2) Most of the courses I have taken have been from the most knowledgeable instructor in the Church on that subject matter (e.g., Joseph Smith Translation and New Testament from Robert J. Matthews, Book of Mormon from Robert L. Millet, Isaiah from Victor Ludlow, Doctrine and Covenants from Joseph Fielding McConkie, etc.)
3) I have read over 400 books summarizing Church teachings from members of the First Presidency and the Quorum of the Twelve. Many of the books have been read multiple times.
Now, I certainly don't claim to be the most knowledgeable person in the Church. The instructors noted above and many additional unnamed ones definitely exceed my knowledge by a great degree. And I certainly know a number of people whose application of gospel principles in their daily lives is greater than my own. However, I think it is fair to say that I do know more than a little about the teachings of the Church.
While I have come across a few contradictions in the teachings of the approximately 100 men who have held the holy apostleship in this dispensation, it has been relatively rare and always on obscure doctrines that have very little to do with our salvation. For example, some of the Brethren have differed on exactly how all the prophesies regarding the restoration of the ten tribes will occur. However, I have almost never seen a difference in teaching on important matters of the gospel, especially as to how we should act in our daily lives. For example, the Brethren have been united on issues regarding premarital sex, abortion, birth control, pornography, homosexual acts, modesty, dating nonmembers, Sabbath observance, and almost all other behavioral choices. The point is this: Church leaders are united in matters of faith and doctrine. There are those who excuse their disobedience to a particular doctrine because, in their view, the Brethren occasionally disagree on minor points, and therefore they can't be trusted on anything. These people are treading a dangerous path to apostasy.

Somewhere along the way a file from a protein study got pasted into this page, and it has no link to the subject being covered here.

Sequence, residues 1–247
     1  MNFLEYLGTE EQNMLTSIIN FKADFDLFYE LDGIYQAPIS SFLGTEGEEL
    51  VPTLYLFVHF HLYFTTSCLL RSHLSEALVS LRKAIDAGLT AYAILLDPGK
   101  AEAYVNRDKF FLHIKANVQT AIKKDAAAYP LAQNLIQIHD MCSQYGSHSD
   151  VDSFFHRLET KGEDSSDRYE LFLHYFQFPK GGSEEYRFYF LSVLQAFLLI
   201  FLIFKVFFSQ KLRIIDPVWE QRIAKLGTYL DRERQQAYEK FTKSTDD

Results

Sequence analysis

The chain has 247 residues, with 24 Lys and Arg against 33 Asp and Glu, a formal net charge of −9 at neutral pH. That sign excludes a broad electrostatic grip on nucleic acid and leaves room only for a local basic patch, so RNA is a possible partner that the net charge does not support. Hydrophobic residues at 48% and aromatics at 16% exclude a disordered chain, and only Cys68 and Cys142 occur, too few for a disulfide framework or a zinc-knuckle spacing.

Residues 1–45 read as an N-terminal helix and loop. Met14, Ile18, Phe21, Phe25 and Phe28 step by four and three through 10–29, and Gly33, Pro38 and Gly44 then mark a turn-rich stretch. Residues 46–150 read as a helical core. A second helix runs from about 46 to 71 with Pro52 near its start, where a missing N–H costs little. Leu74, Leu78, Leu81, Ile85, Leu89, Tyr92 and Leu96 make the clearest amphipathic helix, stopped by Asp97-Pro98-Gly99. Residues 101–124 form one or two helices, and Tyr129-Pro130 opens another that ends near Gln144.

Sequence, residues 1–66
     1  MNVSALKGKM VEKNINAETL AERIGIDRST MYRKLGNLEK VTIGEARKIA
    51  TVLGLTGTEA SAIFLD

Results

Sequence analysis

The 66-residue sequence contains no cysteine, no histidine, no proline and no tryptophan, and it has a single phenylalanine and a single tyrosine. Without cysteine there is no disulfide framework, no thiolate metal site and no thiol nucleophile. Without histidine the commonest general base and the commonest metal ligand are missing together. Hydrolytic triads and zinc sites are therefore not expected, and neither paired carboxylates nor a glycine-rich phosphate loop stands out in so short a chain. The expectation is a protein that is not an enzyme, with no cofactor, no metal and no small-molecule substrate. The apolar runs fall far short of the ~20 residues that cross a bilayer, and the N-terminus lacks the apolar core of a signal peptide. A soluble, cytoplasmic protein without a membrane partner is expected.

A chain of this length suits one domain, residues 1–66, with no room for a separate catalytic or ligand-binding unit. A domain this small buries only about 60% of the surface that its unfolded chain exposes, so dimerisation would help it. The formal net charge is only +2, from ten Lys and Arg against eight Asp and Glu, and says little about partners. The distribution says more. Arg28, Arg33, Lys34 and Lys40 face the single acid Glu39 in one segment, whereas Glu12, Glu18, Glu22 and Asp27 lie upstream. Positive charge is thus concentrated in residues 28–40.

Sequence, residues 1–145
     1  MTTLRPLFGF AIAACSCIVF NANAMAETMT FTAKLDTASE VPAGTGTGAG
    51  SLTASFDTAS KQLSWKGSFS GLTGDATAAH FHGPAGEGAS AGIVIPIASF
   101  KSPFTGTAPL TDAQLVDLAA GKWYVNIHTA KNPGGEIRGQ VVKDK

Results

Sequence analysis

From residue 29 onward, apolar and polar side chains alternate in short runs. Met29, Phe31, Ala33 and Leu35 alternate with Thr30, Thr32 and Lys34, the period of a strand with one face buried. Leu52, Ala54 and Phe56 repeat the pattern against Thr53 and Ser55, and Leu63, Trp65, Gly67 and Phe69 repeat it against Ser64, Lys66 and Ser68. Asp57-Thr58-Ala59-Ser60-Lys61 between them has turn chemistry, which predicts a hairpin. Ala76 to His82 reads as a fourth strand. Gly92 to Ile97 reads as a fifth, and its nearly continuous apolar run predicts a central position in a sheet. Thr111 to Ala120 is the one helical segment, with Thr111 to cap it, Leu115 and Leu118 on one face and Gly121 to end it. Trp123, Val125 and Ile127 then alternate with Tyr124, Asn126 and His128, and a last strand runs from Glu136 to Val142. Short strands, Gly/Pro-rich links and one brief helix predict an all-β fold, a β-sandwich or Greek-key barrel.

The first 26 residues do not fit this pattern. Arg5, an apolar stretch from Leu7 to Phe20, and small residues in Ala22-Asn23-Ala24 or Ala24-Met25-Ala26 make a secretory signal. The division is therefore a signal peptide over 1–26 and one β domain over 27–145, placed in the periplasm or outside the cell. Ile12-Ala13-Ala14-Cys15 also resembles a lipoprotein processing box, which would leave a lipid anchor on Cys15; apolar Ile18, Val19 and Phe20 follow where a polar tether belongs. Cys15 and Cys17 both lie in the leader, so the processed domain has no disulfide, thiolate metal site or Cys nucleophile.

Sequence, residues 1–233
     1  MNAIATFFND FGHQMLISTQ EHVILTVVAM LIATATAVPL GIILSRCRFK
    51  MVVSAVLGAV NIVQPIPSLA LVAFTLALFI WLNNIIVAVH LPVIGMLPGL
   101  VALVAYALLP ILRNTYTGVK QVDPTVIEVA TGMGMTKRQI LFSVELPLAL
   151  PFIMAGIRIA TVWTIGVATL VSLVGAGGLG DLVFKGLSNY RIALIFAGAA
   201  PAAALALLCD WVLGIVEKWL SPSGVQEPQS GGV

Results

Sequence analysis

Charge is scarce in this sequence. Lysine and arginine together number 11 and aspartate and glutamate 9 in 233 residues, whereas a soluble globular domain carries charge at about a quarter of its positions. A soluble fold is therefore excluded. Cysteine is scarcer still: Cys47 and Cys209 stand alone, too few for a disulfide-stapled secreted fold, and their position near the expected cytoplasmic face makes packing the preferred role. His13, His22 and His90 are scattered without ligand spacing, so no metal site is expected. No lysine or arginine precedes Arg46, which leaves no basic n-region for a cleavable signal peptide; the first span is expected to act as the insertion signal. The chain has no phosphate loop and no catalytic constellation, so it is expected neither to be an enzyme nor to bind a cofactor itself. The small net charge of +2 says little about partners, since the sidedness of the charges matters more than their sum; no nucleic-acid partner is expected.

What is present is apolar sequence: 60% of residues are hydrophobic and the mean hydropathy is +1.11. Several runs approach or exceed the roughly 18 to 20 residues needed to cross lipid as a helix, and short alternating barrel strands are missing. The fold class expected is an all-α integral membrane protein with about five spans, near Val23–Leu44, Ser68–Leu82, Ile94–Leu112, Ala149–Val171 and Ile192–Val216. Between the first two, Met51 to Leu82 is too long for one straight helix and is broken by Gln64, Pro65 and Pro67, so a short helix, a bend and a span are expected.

Now the second question: How should we deal with these differences? I would like to suggest a couple ways for members of the Church to deal with these differences.